|First round results|
(candidates with more than 10% of votes)
|1992||8||74.90%||Franjo Tuđman (57.8%), Dražen Budiša (22.3%)||N/A||Franjo Tuđman (57.8%)||Dražen Budiša (22.3%)|
|1997||3||54.62%||Franjo Tuđman (61.4%), Zdravko Tomac (21.0%), Vlado Gotovac (17.6%)||N/A||Franjo Tuđman (61.4%)||Zdravko Tomac (21.0%)|
|2000||9||62.98%||Stjepan Mesić (41.3%), Dražen Budiša (27.8%), Mate Granić (22.6%)||60.88%||Stjepan Mesić (56.0%)||Dražen Budiša (44.0%)|
|2005||13||50.57%||Stjepan Mesić (48.9%), Jadranka Kosor (20.3%), Boris Mikšić (17.8%)||51.04%||Stjepan Mesić (65.9%)||Jadranka Kosor (34.1%)|
|2009–10||12||43.96%|| Ivo Josipović (32.4%), Milan Bandić (14.8%),|
Andrija Hebrang (12.04%), Nadan Vidošević (11.33%)
|50.13%||Ivo Josipović (60.3%)||Milan Bandić (39.7%)|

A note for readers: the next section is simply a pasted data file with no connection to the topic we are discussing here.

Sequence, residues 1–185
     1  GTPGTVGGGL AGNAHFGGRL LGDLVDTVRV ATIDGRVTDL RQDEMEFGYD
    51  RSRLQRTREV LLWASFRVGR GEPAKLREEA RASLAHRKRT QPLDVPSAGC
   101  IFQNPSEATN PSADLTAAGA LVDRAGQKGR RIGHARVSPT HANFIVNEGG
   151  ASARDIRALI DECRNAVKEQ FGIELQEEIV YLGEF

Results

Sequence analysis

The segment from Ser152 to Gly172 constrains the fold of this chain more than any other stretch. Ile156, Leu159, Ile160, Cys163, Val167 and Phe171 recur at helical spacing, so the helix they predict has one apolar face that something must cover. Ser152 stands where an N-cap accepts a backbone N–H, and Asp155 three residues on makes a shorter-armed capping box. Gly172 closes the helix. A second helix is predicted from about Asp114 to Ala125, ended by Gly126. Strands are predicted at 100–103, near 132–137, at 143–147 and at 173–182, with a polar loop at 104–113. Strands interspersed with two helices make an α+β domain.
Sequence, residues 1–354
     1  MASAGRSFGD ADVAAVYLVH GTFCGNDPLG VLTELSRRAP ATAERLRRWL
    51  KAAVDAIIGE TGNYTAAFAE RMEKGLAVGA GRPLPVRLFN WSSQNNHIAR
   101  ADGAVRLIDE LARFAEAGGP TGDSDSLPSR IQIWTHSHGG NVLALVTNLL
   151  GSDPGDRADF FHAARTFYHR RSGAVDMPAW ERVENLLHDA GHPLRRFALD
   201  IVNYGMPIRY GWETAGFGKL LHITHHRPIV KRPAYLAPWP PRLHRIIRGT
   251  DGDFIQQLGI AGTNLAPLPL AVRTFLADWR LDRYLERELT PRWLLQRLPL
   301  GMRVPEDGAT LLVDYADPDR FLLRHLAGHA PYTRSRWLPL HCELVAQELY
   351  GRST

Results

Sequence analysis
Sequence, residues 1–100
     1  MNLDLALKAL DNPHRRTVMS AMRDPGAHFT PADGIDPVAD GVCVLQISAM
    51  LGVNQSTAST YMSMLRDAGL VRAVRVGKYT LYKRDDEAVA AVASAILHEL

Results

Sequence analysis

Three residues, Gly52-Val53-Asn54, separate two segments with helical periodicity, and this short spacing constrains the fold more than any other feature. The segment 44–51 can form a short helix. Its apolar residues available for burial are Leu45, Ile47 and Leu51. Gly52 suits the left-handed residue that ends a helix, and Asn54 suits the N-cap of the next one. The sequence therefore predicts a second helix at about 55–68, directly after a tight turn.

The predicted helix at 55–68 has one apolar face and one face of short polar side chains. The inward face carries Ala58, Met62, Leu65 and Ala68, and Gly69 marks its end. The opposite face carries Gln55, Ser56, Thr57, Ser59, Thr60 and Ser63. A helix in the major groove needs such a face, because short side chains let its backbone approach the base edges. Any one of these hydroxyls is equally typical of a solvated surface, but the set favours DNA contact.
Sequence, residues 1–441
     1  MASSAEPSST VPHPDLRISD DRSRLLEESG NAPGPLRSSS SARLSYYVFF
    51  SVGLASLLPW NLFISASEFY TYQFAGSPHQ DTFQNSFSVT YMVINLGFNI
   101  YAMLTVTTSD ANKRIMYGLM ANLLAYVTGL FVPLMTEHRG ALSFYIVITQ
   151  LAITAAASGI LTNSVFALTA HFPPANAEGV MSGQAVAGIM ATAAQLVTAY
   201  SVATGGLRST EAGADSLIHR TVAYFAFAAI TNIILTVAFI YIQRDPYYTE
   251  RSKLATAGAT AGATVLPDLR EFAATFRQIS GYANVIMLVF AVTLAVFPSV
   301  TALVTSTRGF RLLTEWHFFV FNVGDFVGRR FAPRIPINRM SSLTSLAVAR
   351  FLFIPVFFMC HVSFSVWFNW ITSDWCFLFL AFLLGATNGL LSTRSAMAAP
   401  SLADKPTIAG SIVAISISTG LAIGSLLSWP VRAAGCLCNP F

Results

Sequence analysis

|2014–15||4||47.12%||Ivo Josipović (38.96%), Kolinda Grabar-Kitarović (37.22%),|
Ivan Vilibor Sinčić (16.42%)
|59.06%||Kolinda Grabar-Kitarović (50.7%)||Ivo Josipović (49.3%)|
|Source: State Election Commission|
The Socialist Republic of Croatia within SFR Yugoslavia was led by a group of communist party officials, who formed a collective Presidency with the president of the Presidency at its head. The first democratic elections of 1990 did not elect members of the Presidency directly. Rather, the parliament was tasked with filling these positions as it had done in the socialist period. The HDZ won the elections and its leader Tuđman assumed the presidency on 30 May 1990. On 25 July of the same year, the parliament passed several constitutional amendments, including amendment LXXI, which created the position of President and Vice-Presidents.The Christmas Constitution, passed on 22 December 1990, established the government as a semi-presidential system and called for presidential elections.